the foreign minister of Egypt, I am convinced that that path is in fact,
still open. And it is possible, though it has been made much, much harder,
much more complicated by the events of today.


O`DONNELL: NBC News` Richard Engel is in Cairo and joins me now.

Richard, has the curfew that has been imposed restored order? And
what happens when the curfew is lifted in the morning?

ENGEL: Cairo has a very odd feeling right now. Our bureau, which is
where we are doing this report, is right on the Nile. And normally it is
full of boats, people going back and forth. Traffic, this is a city of 18
million people. You could hear a pin drop here tonight.

That is not the case in several of the more rural areas where people
have been going out, openly defiant of the curfew, holding protests in
favor of the ousted president, Mohamed Morsi.

Tomorrow, the curfew is expected to expire. It is not clear if there
will be more violence. There certainly will be more clashes, but the real
concern is what will happen on Friday. Friday, traditionally the day of
prayers, when people come out, express their emotions. I expect that there
could be demonstrations on Friday. And that could be another round of

Perhaps not like the round we saw today, but it could be more. I
don`t think this country is out of the woods yet.

O`DONNELL: Richard, how much warning was there that this crackdown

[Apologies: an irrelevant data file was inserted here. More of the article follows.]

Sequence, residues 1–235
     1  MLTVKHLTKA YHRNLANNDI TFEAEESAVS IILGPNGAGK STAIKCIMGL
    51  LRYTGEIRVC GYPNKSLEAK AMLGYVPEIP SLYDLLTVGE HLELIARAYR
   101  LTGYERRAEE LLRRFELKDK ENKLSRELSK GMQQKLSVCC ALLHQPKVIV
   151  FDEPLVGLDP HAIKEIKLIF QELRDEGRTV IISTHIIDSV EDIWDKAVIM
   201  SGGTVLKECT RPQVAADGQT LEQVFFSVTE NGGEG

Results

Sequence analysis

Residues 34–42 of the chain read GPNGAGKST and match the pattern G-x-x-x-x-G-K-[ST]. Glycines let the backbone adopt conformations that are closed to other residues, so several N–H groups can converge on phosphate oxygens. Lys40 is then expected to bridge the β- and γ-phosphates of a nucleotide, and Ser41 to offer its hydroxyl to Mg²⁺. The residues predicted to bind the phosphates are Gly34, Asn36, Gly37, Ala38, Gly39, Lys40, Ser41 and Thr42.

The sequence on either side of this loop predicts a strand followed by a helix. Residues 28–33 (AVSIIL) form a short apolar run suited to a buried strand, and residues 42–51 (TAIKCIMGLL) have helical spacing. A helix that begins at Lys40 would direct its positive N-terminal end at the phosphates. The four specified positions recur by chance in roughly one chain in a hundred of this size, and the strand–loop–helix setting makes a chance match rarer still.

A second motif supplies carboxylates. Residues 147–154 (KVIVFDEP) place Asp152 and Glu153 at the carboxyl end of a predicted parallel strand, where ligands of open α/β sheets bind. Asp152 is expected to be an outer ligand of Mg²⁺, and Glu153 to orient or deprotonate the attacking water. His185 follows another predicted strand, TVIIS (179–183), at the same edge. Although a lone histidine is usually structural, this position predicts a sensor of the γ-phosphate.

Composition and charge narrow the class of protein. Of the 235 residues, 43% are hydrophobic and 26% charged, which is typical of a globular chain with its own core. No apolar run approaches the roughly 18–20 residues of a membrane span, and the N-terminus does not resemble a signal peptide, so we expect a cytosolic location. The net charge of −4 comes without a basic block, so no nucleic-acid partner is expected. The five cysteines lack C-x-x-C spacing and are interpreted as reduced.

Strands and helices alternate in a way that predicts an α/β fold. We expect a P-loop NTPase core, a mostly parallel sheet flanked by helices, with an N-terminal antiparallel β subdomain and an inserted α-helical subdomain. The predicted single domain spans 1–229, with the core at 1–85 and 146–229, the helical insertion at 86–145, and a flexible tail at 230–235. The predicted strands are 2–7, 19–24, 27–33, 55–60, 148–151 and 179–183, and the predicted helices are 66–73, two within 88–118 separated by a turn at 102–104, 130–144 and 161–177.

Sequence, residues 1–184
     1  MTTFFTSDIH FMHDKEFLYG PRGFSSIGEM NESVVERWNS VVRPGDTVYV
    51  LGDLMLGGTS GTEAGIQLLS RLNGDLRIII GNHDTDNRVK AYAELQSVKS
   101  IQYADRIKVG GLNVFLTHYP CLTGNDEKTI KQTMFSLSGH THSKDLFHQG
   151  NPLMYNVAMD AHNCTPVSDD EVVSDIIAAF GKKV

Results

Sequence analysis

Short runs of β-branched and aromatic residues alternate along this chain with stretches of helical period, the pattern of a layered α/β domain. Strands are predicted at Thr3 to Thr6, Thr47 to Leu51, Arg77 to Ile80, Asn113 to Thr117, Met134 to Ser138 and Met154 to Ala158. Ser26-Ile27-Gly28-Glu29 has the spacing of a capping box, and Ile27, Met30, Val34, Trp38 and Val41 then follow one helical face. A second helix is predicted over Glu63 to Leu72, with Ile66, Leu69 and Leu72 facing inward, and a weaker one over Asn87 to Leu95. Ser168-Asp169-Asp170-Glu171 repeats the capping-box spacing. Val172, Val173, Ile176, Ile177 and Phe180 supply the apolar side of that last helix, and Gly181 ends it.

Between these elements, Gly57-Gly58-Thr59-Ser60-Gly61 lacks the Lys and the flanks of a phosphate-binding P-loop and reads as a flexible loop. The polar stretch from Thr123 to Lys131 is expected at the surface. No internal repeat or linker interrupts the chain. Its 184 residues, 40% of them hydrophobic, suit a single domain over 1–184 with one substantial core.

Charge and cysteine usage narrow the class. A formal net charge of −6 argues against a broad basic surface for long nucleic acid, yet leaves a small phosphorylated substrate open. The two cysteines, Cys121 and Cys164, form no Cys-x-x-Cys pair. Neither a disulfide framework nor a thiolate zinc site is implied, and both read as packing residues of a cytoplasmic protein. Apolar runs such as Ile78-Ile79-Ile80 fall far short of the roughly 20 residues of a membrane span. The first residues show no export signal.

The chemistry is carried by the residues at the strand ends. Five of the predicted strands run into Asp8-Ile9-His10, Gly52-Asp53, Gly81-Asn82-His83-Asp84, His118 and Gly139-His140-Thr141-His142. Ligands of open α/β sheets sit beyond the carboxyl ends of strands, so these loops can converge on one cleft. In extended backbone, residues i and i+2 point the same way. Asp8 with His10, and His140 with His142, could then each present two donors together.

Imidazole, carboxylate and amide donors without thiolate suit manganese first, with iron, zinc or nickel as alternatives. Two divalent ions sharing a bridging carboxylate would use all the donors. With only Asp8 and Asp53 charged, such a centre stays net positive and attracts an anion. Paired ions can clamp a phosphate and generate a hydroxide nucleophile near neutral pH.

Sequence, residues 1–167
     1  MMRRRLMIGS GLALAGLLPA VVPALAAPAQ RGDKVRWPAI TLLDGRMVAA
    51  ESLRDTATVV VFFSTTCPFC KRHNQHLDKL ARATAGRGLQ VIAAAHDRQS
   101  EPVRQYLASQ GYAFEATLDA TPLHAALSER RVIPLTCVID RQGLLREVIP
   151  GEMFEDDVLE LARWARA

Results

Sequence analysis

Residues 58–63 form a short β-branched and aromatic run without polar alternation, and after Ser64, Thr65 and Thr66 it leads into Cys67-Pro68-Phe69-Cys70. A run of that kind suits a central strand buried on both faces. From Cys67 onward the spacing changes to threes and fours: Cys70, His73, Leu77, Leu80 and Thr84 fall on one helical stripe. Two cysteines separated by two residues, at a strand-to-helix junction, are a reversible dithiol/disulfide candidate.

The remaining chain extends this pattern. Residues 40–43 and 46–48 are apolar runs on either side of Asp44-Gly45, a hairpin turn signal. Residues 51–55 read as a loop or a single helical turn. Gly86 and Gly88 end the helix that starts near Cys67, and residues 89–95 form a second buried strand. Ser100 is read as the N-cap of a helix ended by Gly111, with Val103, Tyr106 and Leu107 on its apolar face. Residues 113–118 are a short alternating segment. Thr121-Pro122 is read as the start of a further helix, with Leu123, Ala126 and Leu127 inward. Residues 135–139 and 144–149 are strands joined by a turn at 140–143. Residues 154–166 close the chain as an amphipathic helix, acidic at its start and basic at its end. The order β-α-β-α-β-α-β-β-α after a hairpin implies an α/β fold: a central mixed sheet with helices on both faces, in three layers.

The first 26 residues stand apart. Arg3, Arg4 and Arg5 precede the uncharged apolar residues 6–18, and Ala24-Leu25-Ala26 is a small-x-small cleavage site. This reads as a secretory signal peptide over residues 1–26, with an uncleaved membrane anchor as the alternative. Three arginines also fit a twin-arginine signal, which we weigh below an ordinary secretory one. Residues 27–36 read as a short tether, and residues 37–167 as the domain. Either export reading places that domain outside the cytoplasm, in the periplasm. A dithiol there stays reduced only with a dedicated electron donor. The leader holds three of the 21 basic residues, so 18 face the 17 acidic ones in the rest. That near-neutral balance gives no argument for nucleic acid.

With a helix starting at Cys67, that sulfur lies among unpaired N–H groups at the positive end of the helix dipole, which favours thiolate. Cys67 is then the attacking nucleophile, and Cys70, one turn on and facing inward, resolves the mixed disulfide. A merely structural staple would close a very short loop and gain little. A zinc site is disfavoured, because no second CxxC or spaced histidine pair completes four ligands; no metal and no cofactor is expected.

was coming?

ENGEL: There was really no warning. There was and there was not.
There was warning because the government has been talking vaguely for weeks
about no longer being tolerant of the Muslim Brotherhood. That it would
push away the camps, and then backed away from it.

And then as early as last night, and even this morning when you woke
up to the newspapers and opened the newspapers here, they said there will
be no crackdown, that there are still going to be negotiations. And that
is what people thought when they woke up in Cairo this morning until they
saw the troops and police roll in.


ENGEL (voice-over): Egypt is unraveling. It`s hope of democracy
obscured behind tear gas and bullets.

At first light, Egyptian security forces which ousted the elected
president six weeks ago moved in to finish the job. And break-up two camps
of protesters who demand the former president be reinstated, bulldozing
into one at Cairo University. It was over quickly.

But at the other protests, they held fast. Security forces fired on
them, with tear gas, and then automatic weapons.


ENGEL (on camera): Egyptian security forces here are firing into the
side streets. The front line positions between protesters and security
forces all over Cairo. And this one looks like it`s about to get very

(voice-over): Adel Sanik (ph) 37-year-old customs broker, guided us
through the streets, warning of government gunmen. Already two journalists
had been killed.

UNIDENTIFIED MALE: Even if you won`t take a shoot, take a cover to
take the picture.

ENGEL (on camera): Why? There are snipers trying to shoot?


ENGEL (voice-over): Sanik says he came here because he believes his